Information Security and Data Protection Newsletter - July/August 2016
Herewith, your back to school edition of our data protection alerter. We start back in June with the EU referendum result; which has given the GDPR an uncertain future…
Published 1 September 2016
There have been a number of recent cases on the way both European law and law in other jurisdictions deal with the questions of applicable law to data protection disputes.
In a judgment of the 2nd US Circuit Court of Appeals in New York in Microsoft Corporation v USA (Case 14-2985), Microsoft won the right to refuse to comply with a warrant for disclosure of a customer's email account on the basis the contents of the email account were in the Dublin. The US law under which the warrant was made was ruled to not have extraterritorial effect. Interestingly, the data was held in Dublin but was accessible by employees in the US. However, the ability to access the Dublin server from the US, was not enough to bring it within the US jurisdiction. For further details of the case see the last story in the international section: "Decision prevents US from accessing emails stored in Ireland".
Meanwhile over in Europe, in Case C-191/15, Verein für Konsumenteninformation v Amazon EU Sàrl the CJEU had to consider the way the EC Data Protection Directive deals with questions of the applicable law to data protection disputes. The case concerned Amazon’s sales to Austrian customers. Amazon is a Luxembourg established company with no office in Austria and whose terms and conditions say that Luxembourg law applies. An Austrian consumer protection watchdog raised numerous issues over these terms and conditions on behalf of Austrian consumers including which law was applicable to data protection issues arising out of a transaction covered by those terms and conditions.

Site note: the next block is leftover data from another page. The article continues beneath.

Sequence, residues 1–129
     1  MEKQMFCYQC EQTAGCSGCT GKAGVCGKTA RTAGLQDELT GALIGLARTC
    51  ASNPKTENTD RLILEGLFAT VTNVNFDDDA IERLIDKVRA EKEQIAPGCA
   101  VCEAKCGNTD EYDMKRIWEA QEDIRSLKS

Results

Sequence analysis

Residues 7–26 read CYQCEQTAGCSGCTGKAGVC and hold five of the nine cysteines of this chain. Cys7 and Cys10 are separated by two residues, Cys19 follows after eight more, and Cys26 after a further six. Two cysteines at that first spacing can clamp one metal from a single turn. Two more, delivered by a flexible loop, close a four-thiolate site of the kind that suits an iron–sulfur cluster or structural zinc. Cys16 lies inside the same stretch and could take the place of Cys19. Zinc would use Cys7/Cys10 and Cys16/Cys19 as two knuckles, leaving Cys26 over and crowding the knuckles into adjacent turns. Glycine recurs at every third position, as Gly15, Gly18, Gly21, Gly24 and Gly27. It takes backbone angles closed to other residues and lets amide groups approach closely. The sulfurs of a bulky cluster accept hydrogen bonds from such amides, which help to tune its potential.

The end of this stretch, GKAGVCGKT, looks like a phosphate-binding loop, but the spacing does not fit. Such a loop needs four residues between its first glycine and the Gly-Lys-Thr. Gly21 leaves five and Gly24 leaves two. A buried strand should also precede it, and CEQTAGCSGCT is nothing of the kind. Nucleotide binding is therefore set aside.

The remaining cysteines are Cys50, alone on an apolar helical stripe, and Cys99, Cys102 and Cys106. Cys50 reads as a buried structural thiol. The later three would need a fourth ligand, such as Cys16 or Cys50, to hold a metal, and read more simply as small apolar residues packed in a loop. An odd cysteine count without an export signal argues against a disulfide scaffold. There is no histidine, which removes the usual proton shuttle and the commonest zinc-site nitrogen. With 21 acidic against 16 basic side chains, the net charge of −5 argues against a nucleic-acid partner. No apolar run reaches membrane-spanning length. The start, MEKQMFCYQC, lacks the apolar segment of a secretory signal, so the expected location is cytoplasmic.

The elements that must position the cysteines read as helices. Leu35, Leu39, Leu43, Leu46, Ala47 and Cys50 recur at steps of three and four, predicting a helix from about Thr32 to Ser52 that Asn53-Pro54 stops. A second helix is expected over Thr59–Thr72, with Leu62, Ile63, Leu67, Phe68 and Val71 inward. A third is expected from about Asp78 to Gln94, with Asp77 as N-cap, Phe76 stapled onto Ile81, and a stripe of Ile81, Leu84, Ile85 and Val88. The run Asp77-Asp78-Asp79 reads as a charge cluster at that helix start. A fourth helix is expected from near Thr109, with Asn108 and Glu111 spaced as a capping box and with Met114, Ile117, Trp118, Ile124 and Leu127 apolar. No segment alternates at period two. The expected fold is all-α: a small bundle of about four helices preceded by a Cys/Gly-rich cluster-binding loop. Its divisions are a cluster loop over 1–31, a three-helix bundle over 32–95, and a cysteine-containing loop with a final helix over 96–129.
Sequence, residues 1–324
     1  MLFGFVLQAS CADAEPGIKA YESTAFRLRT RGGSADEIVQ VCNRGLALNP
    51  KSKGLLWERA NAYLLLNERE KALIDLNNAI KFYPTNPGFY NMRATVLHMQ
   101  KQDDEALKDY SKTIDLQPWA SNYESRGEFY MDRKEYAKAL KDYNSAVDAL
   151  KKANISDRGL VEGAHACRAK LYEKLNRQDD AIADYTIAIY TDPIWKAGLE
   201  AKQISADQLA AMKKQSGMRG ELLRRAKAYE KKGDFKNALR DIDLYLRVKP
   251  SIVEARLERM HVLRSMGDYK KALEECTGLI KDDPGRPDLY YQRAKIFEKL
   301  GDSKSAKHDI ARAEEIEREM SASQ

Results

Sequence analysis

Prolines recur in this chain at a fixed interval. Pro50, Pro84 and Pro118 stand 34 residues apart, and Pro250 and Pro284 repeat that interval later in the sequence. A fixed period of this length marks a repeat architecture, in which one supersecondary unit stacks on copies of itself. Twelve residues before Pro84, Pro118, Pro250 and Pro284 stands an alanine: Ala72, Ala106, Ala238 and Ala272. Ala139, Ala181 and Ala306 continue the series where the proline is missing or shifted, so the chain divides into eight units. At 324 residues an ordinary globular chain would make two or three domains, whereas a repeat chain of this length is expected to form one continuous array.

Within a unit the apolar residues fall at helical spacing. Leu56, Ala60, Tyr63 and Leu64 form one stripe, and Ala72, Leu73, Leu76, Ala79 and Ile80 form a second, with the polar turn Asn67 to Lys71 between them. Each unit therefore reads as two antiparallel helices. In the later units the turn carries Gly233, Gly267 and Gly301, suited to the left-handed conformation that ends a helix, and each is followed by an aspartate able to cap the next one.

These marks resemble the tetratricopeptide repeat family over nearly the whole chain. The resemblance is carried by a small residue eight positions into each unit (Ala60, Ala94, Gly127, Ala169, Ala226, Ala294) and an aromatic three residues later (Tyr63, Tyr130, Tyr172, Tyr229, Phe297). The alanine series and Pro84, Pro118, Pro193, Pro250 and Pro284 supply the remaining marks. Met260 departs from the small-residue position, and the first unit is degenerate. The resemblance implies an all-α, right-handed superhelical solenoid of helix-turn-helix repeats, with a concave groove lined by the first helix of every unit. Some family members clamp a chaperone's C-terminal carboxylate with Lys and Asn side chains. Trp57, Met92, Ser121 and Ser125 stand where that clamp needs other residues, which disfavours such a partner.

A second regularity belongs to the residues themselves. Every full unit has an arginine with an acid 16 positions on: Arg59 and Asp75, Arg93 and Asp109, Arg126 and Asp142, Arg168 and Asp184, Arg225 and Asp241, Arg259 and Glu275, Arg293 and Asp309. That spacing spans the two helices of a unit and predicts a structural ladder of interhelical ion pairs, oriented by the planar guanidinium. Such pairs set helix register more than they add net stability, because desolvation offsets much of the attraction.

The AG published his opinion on this earlier in July, which concluded that a data controller should only be subject to the jurisdiction of one data protection law in Europe even if the data were being processed by that data controller in a number of Member States.
The CJEU has now ruled in a more opaque manner. Following the wording of the Directive, it ruled that the correct law to apply is the law where the data controller it "established". The ruling noted that just because Amazon does not have a subsidiary or branch in Austria does not mean Amazon might not be established in Austria but, merely having a website accessible to Austrians was not enough to show establishment. The CJEU also noted that the processing need not be “by” the establishment itself, so long as it is in the context of the activities of the establishment.
The question to consider is whether Amazon carries out the data processing in question in the context of the activities of an establishment situated in Austria. The question was referred back to the Austrian court for consideration.
To see the Amazon judgment click here.
To see the Microsoft judgment click here.